I decided to try and fix the hole and after a few failed attempts, I simply covered it, with a piece of fabric that I thought worked as design element rather than a cover. A bit of hand embroidery, admittedly not very good and some mother of pearl buttons.
However my modifications caused the fabric to pull around the neckline and the bias binding just doesn’t sit flat. It’s not monstrous but I don’t like it.
I love the side view, but the fabric I have used at the bottom isn’t of the same weight and of a shade of black that looks washed out. I finished the hem with bias tape and I don’t like that either. Suffice to say I will not be wearing this top, there’s nothing I like about it and I feel I wasted my time by trying to fix it. In the bin it will go.
On another note, all you mothers who sew a lot, I don’t know how you do it, because every time (every night, I should say) I decide to sit in front of my sewing machine, some disaster will hit either me or the little man. I like slow sewing but this is beyond slow now. How do you do it? Btw, I’ve also gone back to my full time job.
With a stream of threads hanging from her clothes, the woman with red hair walked out of her front door and disappeared in the anonymity of a rainy day. If someone had noticed her, they would have seen the bags under her eyes, the look of both disappointment and frustration, someone might have even stopped her or laughed at her as she was still wearing her silk carolyn pyjamas, which didn’t really look like sleep wear bar the print of unicorns on them. But one of the advantages or disadvantages of the big city is that nobody notices you and so she carried on walking uninterrupted, towards the park and from there over the bridge, further and further away from home. She was carrying only her credit card and one pointy object in the pocket of her Minoru jacket.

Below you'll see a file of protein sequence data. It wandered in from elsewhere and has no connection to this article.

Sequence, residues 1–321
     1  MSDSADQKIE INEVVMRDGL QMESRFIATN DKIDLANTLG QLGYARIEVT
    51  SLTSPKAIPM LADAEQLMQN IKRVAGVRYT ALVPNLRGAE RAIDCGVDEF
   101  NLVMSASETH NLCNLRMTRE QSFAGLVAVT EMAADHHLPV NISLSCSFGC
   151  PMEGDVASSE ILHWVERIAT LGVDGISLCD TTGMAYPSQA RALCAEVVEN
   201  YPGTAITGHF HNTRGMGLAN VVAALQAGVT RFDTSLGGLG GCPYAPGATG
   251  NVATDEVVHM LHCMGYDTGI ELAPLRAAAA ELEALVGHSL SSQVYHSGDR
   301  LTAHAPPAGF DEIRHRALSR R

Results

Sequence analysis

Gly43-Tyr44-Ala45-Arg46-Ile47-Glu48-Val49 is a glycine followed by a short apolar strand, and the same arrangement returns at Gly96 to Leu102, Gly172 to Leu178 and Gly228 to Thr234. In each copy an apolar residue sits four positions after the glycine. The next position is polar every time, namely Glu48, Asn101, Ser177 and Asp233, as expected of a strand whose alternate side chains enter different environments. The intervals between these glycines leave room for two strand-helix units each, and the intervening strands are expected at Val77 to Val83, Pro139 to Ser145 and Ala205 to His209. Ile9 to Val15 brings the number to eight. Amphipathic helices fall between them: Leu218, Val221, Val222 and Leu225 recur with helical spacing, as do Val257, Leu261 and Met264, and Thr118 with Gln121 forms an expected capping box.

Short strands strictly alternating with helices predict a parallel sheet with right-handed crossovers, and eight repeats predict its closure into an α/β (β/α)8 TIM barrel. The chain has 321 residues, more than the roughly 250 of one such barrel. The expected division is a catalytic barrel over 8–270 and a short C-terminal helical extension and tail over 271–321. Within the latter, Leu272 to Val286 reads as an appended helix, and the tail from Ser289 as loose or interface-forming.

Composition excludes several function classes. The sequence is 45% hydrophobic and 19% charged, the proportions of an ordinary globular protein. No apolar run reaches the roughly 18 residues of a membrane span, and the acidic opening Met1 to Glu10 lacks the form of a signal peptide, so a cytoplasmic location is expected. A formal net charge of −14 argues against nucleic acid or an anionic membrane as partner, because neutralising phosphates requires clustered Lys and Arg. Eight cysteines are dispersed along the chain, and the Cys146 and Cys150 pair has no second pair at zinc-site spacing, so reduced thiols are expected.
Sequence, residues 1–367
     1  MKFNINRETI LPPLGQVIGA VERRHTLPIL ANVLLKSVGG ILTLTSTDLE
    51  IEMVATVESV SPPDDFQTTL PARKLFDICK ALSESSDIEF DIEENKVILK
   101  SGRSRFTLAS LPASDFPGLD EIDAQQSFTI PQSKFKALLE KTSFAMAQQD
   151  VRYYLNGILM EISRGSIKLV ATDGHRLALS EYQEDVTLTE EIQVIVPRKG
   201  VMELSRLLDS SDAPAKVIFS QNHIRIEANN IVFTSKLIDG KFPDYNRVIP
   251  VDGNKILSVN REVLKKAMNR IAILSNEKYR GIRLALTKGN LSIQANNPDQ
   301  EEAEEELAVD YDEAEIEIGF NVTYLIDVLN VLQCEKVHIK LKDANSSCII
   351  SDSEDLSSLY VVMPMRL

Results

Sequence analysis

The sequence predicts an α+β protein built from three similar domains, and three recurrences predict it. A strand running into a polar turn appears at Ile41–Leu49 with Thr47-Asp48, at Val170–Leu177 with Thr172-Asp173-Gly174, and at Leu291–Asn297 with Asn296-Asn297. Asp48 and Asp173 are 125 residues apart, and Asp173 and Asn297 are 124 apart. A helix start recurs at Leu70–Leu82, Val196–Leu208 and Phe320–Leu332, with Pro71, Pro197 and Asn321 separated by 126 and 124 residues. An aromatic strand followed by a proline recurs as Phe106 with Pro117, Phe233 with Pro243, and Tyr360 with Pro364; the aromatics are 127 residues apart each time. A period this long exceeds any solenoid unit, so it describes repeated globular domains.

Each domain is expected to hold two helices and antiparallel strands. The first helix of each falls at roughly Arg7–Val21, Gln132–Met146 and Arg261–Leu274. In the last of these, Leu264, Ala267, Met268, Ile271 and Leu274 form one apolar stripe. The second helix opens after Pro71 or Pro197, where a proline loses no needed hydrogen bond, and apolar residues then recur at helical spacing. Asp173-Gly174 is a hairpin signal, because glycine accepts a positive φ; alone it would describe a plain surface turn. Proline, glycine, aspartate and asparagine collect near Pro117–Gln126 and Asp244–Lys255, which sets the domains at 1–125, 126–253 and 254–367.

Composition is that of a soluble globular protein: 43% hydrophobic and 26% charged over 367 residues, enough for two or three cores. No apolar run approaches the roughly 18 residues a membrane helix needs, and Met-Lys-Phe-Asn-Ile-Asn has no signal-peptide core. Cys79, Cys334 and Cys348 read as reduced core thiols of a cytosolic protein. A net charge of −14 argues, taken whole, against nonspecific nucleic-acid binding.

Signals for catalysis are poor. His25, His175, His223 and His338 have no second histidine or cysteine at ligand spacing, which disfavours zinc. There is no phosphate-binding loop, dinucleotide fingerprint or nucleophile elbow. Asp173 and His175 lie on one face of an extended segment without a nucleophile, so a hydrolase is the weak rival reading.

‘It was the husband, who found the child playing on the floor with the dissected body,’ said fashion detective Ariadne Overlock to her colleague sewing inspector Sophie Bias. ‘He claims that last time, he saw the dress in one piece on the dress form. Apparently his wife was getting it ready to go to some party, the Moneta party he said, at the weekend,’ she continued.
‘Where is the wife now? Why has she done this to the poor dress?’ Bias asked.
‘She’s disappeared. When the husband woke up, she wasn’t in her usual spot in front of the sewing machine and nowhere else in the house. He claims to have called her a few times, but there was no answer.’
‘Hmm, what has happened here?’ Bias said looking closely at the dress, she hadn’t even heard her colleague’s reply. ‘It seems, she started unpicking the dress but then gave up and simply cut the overlocked seams. The waist and the hemline look as if they had been tortured for hours. And the threads, they’ve been splattered all over the kitchen.’
‘Yes this is what I thought as well. If only the child could talk, he must have seen everything. The husband mentioned that he sits next to his mum playing quietly when she sews,’ Overlock added.
‘And the murder weapon, it’s nowhere to be found. Could she have taken it with her? Let’s seal off the place, send the husband and the child to the hotel and I will call the team to come for a more detailed inspection,’ said Bias and her mind had already moved to other matters like the coffee she still hadn’t drunk.
It didn’t take long for the investigation team to arrive at the crime scene and get on with their tasks.
‘The murder weapon was definitely sharp scissors,’ said the coroner, I would place all my bets on Fiskars and I’m pretty sure they are still in the house. The seam ripper was only what started the torturing.’
A photographer took a picture of the stretched body and the ripped hem, whereas the rest of the team, were combing the house for the murder weapon.
‘I found it, I found it,’ shouted a man from the bedroom upstairs and he was soon seen descending the stairs, holding a pair of Fiskars scissors.